• I then modified the NEXUS file so that the datatype was specified as integer, i.e. by setting FORMAT DATATYPE=integerdata symbols="012" gap=- MISSING=?; in the nexus header. This way, the data was set to be discrete.

6. Tip names / taxon labels.

  • I modified each individual taxon name so that it was preceded by a code with the format "Species_Taxon", where Species = the hypothetical species delimitation of the taxon. I did this because SNAPP expects this format, and it will automatically pull the Species data from the filenames and use it to help set up the species tree and population parameters in the analysis, e.g. branch lengths and thetas. The final datafile was obviously a nexus file with extension ".nex".

7. Make input files in BEAUti.

  • I opened a new SNAPP template in BEAUti v2.4.2 and added the final SNAPP-formatted data file as an alignment, then set up different runs with different priors/models and saved them as different XML files (input files for BEAST), with different names.

Running SNAPP

8. Organize SNAPP run folders/scripts and submit jobs.

  • I used my shell script to automate creating run folders and queue submission shell scripts for five runs of each XML file, each starting from a different random starting seed selected by calling on python to generate a random number.
  • SNAPPRunner also was used to submit all jobs to the job queue on a remote supercomputing cluster.

Tricky Stuff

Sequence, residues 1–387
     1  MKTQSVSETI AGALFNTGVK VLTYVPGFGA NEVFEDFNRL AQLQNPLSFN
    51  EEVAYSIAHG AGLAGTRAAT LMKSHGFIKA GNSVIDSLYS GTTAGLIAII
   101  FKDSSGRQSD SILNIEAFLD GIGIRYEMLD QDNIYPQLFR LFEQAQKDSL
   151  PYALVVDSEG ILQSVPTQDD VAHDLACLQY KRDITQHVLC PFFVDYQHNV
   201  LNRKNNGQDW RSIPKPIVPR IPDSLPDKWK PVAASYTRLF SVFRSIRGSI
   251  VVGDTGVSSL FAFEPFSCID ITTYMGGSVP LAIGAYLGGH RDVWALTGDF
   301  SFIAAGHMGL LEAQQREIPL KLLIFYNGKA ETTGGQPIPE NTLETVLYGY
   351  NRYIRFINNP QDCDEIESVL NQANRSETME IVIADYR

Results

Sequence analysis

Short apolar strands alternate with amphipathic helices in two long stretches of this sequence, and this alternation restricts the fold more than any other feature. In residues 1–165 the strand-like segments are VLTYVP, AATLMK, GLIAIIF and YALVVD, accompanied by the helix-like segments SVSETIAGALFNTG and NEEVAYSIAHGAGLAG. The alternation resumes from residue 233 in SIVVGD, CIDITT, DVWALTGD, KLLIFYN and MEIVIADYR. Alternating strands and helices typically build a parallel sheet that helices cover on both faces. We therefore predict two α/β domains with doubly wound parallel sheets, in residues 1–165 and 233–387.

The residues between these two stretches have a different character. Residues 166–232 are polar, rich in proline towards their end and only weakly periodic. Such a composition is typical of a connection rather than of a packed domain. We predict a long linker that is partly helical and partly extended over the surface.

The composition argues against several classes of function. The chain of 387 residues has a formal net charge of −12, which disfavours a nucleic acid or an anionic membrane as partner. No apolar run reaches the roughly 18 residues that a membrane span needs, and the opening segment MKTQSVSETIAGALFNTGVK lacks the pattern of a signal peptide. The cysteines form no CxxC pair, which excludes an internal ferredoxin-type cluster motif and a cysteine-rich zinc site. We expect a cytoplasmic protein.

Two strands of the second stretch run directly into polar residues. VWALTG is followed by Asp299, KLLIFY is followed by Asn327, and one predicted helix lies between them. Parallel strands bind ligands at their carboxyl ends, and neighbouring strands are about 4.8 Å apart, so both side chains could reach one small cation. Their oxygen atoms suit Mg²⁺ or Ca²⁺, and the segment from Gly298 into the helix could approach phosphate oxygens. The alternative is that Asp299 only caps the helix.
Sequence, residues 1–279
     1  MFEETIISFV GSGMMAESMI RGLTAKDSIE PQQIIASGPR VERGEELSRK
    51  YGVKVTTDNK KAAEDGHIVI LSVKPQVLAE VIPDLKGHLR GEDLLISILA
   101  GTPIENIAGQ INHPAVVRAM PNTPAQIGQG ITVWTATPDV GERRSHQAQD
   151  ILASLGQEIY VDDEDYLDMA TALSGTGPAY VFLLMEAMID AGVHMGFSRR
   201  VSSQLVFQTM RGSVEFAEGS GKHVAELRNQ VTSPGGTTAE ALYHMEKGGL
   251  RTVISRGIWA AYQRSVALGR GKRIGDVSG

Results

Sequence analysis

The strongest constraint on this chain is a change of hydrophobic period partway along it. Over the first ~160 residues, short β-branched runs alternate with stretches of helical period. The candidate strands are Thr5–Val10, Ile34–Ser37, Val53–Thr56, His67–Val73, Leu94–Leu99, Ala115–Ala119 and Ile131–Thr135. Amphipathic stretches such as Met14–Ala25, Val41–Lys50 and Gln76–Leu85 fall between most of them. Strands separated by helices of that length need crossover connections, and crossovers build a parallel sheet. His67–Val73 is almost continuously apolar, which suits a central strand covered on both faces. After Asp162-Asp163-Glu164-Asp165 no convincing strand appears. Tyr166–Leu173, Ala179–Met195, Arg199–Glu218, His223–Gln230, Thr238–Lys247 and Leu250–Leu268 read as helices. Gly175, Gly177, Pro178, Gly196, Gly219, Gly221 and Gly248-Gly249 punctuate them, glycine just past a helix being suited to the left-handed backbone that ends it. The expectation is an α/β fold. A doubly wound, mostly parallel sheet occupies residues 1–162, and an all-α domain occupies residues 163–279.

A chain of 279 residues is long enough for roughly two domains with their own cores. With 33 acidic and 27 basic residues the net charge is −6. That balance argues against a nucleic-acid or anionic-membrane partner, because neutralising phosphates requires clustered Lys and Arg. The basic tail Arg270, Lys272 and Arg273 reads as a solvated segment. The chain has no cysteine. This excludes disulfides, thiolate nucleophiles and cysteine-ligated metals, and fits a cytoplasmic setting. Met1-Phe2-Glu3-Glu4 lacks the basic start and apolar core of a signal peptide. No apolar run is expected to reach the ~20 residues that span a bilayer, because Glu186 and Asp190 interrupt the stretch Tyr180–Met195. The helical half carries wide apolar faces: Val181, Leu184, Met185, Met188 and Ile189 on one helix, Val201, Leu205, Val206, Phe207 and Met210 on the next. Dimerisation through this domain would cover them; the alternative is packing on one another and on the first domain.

One of the tricks to getting SNAPP to work for you is to experiment with different models and prior settings, in order to find the most suitable priors for your given dataset. For example, for some datasets, the default SNAPP settings will work fine and result in nicely converged runs with parameter traces that reached stationarity. However, I'm pretty sure that for many other datasets, the SNAPP defaults will not produce good results. For some of my analyes, fixing parameter u and/or parameter v, or setting uninformative uniform priors within reasonable bounds, was necessary to achieve good sampling properties (nice, "fuzzy caterpillar" parameter traces and good ESS scores). For datasets that "worked well", I have seen good chain mixing behavior over 1 million samples of MCMC simulations (which took 2 weeks to run on phylogenomic data):


  • Bouckaert R, Heled J, Künert D, Vaughan TG, Wu CH, Xie D, Suchard MA, Rambaut A, Drummond AJ (2014) BEAST2: a software platform for Bayesian evolutionary analysis. PLoS Computational Biology, 10, e1003537.
  • Bouckaert R, Bryant D (2012) A rough guide to SNAPP. Available at:
  • Bryant D, Bouckaert R, Felsenstein J, Rosenberg NA, RoyChoudhury A (2012) Inferring species trees directly from biallelic genetic markers: bypassing gene trees in a full coalescent analysis. Molecular Biology and Evolution, 29, 1917–1932.
  • Demos TC, Peterhans JCK, Joseph TA, Robinson JD, Agwanda B, Hickerson MJ (2015) Comparative population genomics of African montane forest mammals support population persistence across a climatic gradient and Quaternary climatic cycles. PLoS One 10: e0131800.
  • Drummond AJ, Suchard MA, Xie D, Rambaut A (2012) Bayesian phylogenetics with BEAUti and the BEAST 1.7. Molecular Biology and Evolution, 29, 1969-1973.
  • Leaché A, Ogilvie HA (2016) Bayes Factor Delimitation of Species (* with genomic data; BFD*): A Tutorial and Worked Example. Available at:
  • Stange M, Sánchez-Villagra MR, Salzburger W, Matschiner M (2017) Bayesian divergence-time estimation with genome-wide SNP data of sea catfishes (Ariidae) supports Miocene closure of the Panamanian Isthmus. bioRxiv, 102129.
Sign up for free to join this conversation on GitHub. Already have an account? Sign in to comment
You can’t perform that action at this time.